(Reuters) – The United States has warned Russia not to invade Ukraine and urged both countries to return to a set of agreements designed to end a separatist war by Russian-speakers in eastern Ukraine. Here is a look at the agreements, which were signed in Minsk in 2014 and 2015. MINSK I Ukraine and the […]
Factbox-What are the Minsk agreements on the Ukraine conflict?
(Reuters) – The United States has warned Russia not to invade Ukraine and urged both countries to return to a set of agreements designed to end a separatist war by Russian-speakers in eastern Ukraine.
Here is a look at the agreements, which were signed in Minsk in 2014 and 2015.
Ukraine and the Russian-backed separatists agreed a 12-point ceasefire deal in the capital of Belarus in September 2014. Its provisions included prisoner exchanges, deliveries of humanitarian aid and the withdrawal of heavy weapons, five months into a conflict that by that point had killed more than 2,600 people – a toll that has risen to more than 14,000 now, according to the Ukrainian government. The agreement quickly broke down, with violations by both sides.
Representatives of Russia, Ukraine, the Organisation for Security and Cooperation in Europe (OSCE) and the leaders of two pro-Russian separatist regions signed a 13-point agreement in February 2015 in Minsk. The leaders of France, Germany, Russia and Ukraine gathered there at the same time and issued a declaration of support for the deal.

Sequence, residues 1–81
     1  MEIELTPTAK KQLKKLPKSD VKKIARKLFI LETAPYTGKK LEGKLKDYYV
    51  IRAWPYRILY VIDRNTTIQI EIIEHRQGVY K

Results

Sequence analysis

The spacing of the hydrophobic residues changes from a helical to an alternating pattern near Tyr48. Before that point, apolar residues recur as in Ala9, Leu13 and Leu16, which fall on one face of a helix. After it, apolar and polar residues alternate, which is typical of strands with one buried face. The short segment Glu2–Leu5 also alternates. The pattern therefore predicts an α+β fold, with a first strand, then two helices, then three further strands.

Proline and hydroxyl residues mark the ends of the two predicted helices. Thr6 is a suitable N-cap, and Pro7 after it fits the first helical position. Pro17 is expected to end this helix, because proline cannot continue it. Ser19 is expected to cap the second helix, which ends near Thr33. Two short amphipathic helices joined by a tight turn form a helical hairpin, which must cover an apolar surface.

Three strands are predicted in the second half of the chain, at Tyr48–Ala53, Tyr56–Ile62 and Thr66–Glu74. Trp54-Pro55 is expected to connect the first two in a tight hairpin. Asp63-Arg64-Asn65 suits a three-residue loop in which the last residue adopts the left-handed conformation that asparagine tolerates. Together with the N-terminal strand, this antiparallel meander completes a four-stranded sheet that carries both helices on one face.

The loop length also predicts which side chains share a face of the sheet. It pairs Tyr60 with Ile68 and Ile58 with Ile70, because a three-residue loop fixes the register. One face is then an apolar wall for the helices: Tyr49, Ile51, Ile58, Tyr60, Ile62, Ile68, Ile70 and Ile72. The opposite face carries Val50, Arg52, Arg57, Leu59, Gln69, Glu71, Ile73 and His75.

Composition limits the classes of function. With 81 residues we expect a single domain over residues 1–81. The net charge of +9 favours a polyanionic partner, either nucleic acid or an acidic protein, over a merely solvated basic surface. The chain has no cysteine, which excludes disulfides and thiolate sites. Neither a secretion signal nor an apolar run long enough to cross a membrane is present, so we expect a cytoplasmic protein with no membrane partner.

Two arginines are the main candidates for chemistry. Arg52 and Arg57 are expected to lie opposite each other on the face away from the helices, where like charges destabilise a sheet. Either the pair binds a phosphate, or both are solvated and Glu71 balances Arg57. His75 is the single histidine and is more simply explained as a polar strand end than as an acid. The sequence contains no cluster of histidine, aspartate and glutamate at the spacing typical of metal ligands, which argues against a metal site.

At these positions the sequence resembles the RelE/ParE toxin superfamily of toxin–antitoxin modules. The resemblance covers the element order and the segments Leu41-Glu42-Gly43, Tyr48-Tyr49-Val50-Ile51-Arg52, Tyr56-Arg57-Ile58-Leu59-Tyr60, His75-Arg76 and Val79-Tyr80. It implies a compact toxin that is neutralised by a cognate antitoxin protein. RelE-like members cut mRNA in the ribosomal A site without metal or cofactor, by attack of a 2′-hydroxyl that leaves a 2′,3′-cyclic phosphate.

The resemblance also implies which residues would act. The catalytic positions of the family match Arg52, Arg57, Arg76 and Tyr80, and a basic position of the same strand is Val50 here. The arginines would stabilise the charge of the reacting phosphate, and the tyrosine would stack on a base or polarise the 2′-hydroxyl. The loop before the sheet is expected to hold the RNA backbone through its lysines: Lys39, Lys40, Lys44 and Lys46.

The deal set out a series of military and political steps that remain unimplemented. A major blockage has been Russia’s insistence that it is not a party to the conflict and therefore is not bound by its terms. Point 10, for example, calls for the withdrawal of all foreign armed formations and military equipment from the two disputed regions, Donetsk and Luhansk: Ukraine says this refers to forces from Russia, but Moscow denies it has any there.
The 13 points were, in brief:
1. An immediate and comprehensive ceasefire
2. Withdrawal of all heavy weapons by both sides
3. Monitoring and verification by the OSCE
4. To start a dialogue on interim self-government for the Donetsk and Luhansk regions, in accordance with Ukrainian law, and acknowledge their special status by a resolution of parliament.
5. A pardon and amnesty for people involved in the fighting
6. An exchange of hostages and prisoners.
7. Provision of humanitarian assistance.
8. Resumption of socio-economic ties, including pensions.
9. Restore full control of the state border by the government of Ukraine.
10. Withdrawal of all foreign armed formations, military equipment and mercenaries.
11. Constitutional reform in Ukraine including decentralisation, with specific mention of Donetsk and Luhansk.
12. Elections in Donetsk and Luhansk on terms to be agreed with their representatives.
13. Intensify the work of a Trilateral Contact Group including representatives of Russia, Ukraine and the OSCE.
(Writing by Mark Trevelyan; editing by Philippa Fletcher)
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